Crash Diets: Because of weight gain from stress, some people intentionally eat less food than they need, or try dangerous fad diets in order to lose the excess weight. Diets that aren’t balanced with fruits and vegetables, protein and healthy carbohydrates can often be bad for your health in the long run, even if they look attractive short term.
Impact of Bad Habits on Your Health
Blood Sugar Imbalances: When you don’t eat enough food or don’t eat food with necessary nutrients, you can experience blood sugar fluctuations. These fluctuations can lead to mood swings, fatigue, poor concentration and other negative consequences in the short term, and greater health problems like hyperglycemia in the long run.
Caffeine Side Effects: Too much caffeine can lead to poor concentration, lower levels of productivity, sleep disturbances and increased levels of cortisol in the blood, as well as other negative effects.
Poor Health Outcomes: Poor nutrition can also lead to lowered immunity so you’re more susceptible to illnesses, both minor and major. As you can imagine, this can lead to other problems, including increased stress levels because you're sick when a major project is coming up.
There are several things you can do to make healthy food choices, no matter how packed your schedule may be.
Here’s a list of 10 ways to ensure better nutrition that can work for even the busiest people. Try some or all of them, and you should find yourself feeling healthy, more productive and less stressed.
Sapolsky, R. "Why Do We Eat Junk Food When We're Anxious?" The Wall Street Journal,2013.
Job stress is widely experienced, and so pervasive that it’s been found to affect people from all industries, levels and income levels. And because so much of our lives are spent at work, job stress can create issues in other areas of life as well. Anxiety at work can eventually cause you to experience burnout or depression. Without significant changes, prolonged stress can even cause serious physical problems like heart disease.
Job Stress and Chronic Stress
There are several types of stress that people experience, and they each affect people differently. There’s eustress, the kind of feeling you get on a rollercoaster or going down a ski slope; it's exciting and invigorating. There is also acute stress, which comes and goes quickly. These types of stress aren’t especially harmful in manageable doses, though too much of either can lead to a greater risk of experiencing chronic stress. Chronic stress comes from situations where your stress response is triggered again and again without giving you a chance to relax and recuperate. This type of stress often comes from conflicted relationships, over-packed schedules and demanding jobs.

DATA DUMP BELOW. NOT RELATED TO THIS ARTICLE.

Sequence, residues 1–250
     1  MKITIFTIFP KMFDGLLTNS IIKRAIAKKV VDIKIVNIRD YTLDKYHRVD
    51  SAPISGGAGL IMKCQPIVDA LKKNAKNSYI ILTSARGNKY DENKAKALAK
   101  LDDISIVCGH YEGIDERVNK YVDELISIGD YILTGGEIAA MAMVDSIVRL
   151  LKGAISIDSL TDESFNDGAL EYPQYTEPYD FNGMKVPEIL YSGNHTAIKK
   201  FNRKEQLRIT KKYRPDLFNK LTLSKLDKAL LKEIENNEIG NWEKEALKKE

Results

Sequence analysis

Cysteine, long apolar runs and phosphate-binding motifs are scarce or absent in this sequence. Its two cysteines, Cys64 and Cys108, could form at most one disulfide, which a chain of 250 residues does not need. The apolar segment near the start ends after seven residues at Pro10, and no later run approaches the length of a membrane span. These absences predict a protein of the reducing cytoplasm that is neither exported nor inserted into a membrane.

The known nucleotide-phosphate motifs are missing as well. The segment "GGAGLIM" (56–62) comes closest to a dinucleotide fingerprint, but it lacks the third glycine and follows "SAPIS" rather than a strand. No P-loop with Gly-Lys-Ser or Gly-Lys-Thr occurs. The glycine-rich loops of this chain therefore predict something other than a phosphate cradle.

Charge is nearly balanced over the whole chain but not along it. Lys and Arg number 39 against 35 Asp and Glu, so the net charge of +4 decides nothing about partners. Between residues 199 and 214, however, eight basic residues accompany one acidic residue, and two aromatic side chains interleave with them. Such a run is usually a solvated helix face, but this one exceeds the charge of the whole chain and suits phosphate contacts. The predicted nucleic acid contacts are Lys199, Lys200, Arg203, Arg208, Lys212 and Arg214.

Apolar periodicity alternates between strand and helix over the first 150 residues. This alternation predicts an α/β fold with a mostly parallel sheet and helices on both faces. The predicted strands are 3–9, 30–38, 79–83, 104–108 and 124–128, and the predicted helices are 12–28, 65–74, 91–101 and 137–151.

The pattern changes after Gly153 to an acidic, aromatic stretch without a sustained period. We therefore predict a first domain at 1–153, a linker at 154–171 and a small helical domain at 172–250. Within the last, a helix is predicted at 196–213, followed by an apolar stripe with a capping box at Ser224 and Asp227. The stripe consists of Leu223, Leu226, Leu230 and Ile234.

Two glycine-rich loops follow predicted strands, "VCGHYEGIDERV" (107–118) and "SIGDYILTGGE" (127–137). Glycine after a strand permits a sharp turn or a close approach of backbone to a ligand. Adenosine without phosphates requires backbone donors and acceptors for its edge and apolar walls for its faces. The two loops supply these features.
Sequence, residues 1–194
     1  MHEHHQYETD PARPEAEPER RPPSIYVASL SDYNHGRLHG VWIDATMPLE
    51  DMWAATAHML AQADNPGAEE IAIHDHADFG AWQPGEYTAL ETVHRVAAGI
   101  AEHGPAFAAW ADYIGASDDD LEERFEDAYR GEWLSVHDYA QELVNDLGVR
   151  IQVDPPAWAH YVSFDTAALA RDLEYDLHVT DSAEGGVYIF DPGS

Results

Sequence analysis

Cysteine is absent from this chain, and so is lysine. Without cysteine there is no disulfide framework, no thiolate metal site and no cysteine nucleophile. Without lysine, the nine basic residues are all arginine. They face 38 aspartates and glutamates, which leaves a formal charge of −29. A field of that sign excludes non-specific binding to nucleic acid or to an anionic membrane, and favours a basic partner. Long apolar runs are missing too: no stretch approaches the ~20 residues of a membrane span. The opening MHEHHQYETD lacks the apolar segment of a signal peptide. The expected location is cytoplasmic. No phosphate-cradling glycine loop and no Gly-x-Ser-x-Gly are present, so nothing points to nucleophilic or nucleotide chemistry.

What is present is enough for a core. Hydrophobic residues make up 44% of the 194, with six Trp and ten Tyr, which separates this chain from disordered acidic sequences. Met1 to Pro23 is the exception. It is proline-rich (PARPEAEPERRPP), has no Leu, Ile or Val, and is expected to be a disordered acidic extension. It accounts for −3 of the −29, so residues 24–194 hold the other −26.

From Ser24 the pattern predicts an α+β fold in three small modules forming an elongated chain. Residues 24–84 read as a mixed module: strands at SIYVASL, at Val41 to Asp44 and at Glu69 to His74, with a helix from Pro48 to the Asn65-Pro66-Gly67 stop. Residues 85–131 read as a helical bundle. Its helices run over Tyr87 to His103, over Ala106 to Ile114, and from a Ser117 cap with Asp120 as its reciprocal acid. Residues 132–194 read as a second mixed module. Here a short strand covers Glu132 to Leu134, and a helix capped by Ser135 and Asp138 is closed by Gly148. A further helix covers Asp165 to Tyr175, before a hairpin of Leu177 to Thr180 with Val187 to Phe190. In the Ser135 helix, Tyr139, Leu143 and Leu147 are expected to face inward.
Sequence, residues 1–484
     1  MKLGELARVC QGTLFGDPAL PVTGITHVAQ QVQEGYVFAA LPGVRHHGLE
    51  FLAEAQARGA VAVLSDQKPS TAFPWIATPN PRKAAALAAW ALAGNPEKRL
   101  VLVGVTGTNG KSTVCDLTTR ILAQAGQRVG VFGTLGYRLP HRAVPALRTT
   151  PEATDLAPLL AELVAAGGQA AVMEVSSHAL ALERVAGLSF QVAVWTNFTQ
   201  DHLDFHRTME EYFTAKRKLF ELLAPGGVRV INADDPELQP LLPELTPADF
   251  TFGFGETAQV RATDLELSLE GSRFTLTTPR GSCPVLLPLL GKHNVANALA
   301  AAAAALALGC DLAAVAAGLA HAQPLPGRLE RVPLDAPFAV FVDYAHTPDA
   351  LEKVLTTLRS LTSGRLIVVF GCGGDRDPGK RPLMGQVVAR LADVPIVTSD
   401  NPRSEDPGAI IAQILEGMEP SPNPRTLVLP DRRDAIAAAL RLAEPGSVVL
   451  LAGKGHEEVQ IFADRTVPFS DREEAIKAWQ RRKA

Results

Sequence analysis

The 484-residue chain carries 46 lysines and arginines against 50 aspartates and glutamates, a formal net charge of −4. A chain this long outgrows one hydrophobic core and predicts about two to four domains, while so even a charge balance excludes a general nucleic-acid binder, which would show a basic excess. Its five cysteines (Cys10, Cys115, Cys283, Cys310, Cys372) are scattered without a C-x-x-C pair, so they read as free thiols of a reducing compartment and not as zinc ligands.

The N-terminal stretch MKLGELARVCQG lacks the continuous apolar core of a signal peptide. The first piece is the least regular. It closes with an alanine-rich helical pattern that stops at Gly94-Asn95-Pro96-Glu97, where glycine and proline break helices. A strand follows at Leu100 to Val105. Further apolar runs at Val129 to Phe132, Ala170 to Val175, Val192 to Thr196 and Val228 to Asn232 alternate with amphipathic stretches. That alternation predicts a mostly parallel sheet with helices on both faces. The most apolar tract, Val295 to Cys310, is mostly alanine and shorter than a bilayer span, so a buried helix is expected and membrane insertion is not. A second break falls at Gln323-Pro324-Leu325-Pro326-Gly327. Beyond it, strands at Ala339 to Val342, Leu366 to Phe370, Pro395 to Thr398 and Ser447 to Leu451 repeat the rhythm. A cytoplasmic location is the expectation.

Effects of Job Stress
When job stress turns chronic, it can really threaten our physical and emotional health:
One study that assessed over 11,000 people found that employees reporting high psychological and physical job demands and low job control had elevated risks of emotional exhaustion, psychosomatic and physical health complaints of all kinds and job dissatisfaction.
According to a study by the British Medical Journal, chronic stress has been linked to the development of heart disease and type 2 diabetes, as well as other conditions. This is because they found a link between chronic job stress and metabolic syndrome, which is a group of factors that increase the risk of diseases like high blood pressure, insulin resistance and obesity. They found that greater levels of job stress increased people’s chances of developing metabolic syndrome.
Workers who have higher levels of job stress experience a greater incidence of the common cold, and call in sick more often.
There has also been a documented link between high job stress and increased risk of mental health issues, such as depression or anxiety disorders.
Sources of Job Stress
Certain job stress sources can contribute to chronic job stress and burnout:
Job strain, less independence, low social support, high psychological demands, effort-reward imbalance and high job insecurity predicted common mental disorders in a review of several different job stress studies.
These job stress factors seemed to affect men and women of every age equally.
Managing Job Stress
Because job stress is a leading cause of chronic stress, managing factors we experience on the job can cut out significant levels of anxiety and lead to greater wellness and happiness. It’s important to take steps to take care of oneself and one’s body. The following strategies can help you stay healthy and potentially reverse many of the negative effects of stress in a surprisingly short amount of time:
Find Ways To Reduce Stress At Work And Enjoy Your Job More Part of job stress relief involves making changes at work that can increase satisfaction and cut down on factors that cause stress and burnout. You can learn more about how to do this by reading this article on finding greater satisfaction at your current job, creating a fun job experience, and assessing and eliminating burnout-related stressors.
Making changes may feel challenging at first. This article may help you in making your chosen changes, which will soon become ingrained, leaving you feeling less stressed and with increased physical and psychological health for years to come.
Sources: Chandola, T., Brunner, E., Marmot, M. Chronic stress at work and the metabolic syndrome: prospective study. British Medical Journal. January 20, 2006. Stansfeld S, Candy B. Psychosocial work environment and mental health--a meta-analytic review. Scandanavian Journal of Work, Environment and Health, December 2006.de Jonge J, Bosma H, Peter R, Siegrist J. Job strain, effort-reward imbalance and employee well-being: a large-scale cross-sectional study. Social Science and Medicine, May 2000. Nakata A, Takahashi M, Irie M, Ray T, Swanson NG. Job Satisfaction, Common Cold, and Sickness Absence among White-collar Employees: A Cross-sectional Survey. Industrial Health, September 2010.